Remember - if I buy a movie used, the studio gets zero dollars from me.

Comment: Re:Home PCs are fast disappearing (Score 1) 141

by Pentium100 (#49624277) Attached to: Microsoft: No More 'Patch Tuesday' For Windows 10 Home Users

Now... not many are buying home PCs.

Because most people already have a good desktop or laptop PC at home. PCs do not change as much as they used to, so you do not need to buy a new one (or even upgrade your current one) every year like you used to (unless you play games and really want to have as high FPS as possible). A PC now lasts for many years for common tasks like web browsing.

On the other hand, tablets and phones change a lot, while the hardware may not change as much (or rather, as noticeably), you cannot most of the time upgrade to a newer software version on your old device (like you can upgrade Windows Vista to 7 for example).

Of all people I personally know, the majority have a PC at home (those that don't are usually older than 70 years - didn't need or use a PC all their lives, do not care to start now). Sure, some also have tablets or smartphones.

The measurement of sales for something that most people already have is weird for me. Sure, you can measure sales of some new technology or limited-use things to see how they are doing, but to say that, for example, radio is dead because people are not buying new radios as much as they used to even though most people have a radio and use it (at least in the car) is a bit wrong. Most people already have a radio, a TV and a PC at home, just because sales are dropping may not indicate that the technology is dying, it may be that the devices people already have are still good enough.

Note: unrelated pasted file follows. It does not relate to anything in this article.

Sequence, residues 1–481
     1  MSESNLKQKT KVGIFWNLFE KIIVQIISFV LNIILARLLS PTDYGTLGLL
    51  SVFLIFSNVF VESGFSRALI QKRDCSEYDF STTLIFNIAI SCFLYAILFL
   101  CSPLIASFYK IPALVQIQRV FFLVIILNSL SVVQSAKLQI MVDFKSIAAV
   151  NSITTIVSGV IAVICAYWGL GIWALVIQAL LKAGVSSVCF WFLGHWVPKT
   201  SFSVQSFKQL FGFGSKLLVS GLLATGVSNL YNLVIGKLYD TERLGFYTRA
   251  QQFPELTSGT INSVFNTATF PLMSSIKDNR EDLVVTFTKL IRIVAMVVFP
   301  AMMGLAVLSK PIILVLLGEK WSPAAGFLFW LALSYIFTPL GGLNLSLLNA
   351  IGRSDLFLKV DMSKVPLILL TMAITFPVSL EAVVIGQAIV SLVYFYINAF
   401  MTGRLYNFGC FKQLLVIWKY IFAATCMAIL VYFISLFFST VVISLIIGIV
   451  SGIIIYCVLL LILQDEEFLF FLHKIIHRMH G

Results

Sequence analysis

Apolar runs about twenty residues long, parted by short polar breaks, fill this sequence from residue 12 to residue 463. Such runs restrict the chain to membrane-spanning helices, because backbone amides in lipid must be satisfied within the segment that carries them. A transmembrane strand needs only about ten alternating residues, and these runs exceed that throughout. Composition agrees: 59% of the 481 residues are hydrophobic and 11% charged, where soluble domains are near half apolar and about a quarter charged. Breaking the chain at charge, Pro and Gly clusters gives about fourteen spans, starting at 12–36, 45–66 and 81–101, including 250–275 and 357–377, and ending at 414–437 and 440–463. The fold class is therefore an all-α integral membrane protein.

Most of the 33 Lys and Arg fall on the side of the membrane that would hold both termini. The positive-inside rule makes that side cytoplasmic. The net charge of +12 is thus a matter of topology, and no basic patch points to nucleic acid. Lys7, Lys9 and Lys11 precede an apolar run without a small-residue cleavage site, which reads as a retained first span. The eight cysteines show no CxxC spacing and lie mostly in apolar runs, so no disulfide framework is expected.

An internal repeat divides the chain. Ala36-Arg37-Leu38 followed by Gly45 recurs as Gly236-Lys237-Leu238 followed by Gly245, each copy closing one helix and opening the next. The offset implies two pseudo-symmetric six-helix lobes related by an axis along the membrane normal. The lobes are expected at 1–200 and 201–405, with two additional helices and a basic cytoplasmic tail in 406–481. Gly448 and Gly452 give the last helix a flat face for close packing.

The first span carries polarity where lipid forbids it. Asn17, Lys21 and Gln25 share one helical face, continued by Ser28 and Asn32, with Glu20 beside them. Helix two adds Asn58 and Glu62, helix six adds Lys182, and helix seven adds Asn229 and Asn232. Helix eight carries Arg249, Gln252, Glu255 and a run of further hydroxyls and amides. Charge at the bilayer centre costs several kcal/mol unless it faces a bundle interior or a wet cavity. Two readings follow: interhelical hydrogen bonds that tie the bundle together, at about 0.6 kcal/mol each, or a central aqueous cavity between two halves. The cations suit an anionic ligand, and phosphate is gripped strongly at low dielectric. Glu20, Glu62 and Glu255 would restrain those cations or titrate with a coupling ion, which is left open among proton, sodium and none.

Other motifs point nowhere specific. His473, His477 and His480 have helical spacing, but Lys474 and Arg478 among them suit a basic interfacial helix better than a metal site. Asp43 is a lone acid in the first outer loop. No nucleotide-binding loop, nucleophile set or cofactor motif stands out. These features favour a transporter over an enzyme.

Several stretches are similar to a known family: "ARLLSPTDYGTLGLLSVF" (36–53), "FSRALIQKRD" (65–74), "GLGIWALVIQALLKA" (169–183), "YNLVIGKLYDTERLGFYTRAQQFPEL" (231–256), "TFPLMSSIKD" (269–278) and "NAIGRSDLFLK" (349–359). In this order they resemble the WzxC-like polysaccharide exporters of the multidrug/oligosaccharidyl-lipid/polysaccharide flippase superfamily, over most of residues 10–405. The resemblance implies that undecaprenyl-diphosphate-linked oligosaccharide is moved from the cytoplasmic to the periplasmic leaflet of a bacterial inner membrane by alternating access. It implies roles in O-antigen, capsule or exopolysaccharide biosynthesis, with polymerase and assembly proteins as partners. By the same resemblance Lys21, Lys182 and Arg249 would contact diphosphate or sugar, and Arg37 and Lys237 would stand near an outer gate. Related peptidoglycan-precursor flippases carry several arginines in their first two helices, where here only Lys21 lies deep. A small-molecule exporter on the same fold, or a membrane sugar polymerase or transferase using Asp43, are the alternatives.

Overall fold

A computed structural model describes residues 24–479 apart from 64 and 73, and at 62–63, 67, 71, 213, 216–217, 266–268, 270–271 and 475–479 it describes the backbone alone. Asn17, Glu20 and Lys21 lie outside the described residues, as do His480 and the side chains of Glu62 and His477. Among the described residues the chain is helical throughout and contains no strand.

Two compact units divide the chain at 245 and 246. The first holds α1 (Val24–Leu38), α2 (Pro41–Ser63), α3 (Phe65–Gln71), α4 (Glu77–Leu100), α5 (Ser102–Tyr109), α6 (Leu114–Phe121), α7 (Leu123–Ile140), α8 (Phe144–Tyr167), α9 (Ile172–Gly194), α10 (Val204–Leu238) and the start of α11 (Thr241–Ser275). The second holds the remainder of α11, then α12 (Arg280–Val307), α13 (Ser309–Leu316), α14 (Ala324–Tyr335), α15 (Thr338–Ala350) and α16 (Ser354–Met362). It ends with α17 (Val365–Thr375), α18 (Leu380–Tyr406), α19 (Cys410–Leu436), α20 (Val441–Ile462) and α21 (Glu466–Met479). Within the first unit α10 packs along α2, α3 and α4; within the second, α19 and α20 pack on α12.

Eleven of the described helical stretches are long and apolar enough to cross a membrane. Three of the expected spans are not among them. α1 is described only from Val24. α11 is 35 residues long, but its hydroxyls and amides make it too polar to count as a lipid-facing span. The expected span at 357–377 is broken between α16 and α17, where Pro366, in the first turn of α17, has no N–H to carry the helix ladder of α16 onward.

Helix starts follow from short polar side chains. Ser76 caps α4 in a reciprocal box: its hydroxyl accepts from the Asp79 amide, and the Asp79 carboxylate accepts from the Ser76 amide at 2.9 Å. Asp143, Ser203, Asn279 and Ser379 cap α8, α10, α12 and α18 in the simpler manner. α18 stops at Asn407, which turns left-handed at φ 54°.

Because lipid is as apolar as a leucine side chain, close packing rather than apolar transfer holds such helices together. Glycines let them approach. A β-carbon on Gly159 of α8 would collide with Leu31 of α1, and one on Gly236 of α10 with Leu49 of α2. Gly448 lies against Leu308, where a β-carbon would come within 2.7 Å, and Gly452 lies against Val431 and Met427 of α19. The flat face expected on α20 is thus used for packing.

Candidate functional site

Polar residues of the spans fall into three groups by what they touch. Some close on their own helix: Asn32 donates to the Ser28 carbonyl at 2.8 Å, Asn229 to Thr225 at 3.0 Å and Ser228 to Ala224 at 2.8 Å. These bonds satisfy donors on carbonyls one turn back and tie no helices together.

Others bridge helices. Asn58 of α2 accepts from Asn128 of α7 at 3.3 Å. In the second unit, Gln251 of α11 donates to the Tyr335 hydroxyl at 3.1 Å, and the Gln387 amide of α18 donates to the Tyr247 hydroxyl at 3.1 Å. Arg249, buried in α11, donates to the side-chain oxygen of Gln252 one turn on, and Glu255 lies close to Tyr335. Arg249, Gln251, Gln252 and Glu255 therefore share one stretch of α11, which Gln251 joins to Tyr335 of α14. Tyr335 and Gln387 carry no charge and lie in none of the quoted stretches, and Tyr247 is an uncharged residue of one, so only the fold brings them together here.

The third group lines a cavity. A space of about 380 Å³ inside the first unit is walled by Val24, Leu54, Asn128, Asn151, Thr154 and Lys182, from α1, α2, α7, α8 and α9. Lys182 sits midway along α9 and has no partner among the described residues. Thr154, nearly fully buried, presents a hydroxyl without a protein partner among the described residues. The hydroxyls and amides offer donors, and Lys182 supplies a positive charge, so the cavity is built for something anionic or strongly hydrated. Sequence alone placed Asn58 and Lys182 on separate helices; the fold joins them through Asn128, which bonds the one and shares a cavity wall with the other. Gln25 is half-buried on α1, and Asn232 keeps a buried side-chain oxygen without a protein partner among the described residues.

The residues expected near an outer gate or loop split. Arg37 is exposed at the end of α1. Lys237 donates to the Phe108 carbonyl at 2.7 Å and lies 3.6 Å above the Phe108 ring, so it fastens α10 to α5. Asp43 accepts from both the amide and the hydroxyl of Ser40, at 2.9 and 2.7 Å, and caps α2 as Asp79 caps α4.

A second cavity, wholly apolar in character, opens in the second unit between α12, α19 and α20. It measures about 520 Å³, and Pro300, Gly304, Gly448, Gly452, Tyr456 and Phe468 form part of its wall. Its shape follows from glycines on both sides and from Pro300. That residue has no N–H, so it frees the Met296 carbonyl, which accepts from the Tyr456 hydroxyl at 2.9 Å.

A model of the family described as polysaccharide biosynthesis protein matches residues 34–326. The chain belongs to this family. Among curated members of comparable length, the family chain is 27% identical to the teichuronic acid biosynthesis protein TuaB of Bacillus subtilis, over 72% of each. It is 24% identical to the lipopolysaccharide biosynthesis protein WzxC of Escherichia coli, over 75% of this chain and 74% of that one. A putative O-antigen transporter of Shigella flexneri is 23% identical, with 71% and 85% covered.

Comment: Re:Pinto (Score 1) 247

by Pentium100 (#49569823) Attached to: The Engineer's Lament -- Prioritizing Car Safety Issues

Lithuania. Haven't heard of this happening here. However, in some cases, both drivers can be declared guilty. If the insurance company tries to say that the driver in front stopped for no reason to get insurance money, this still does not excuse the driver behind of not keeping a safe distance (well, what if the driver in front had a reason to brake?).

Comment: Re:How you drive (Score 2) 247

by Pentium100 (#49566893) Attached to: The Engineer's Lament -- Prioritizing Car Safety Issues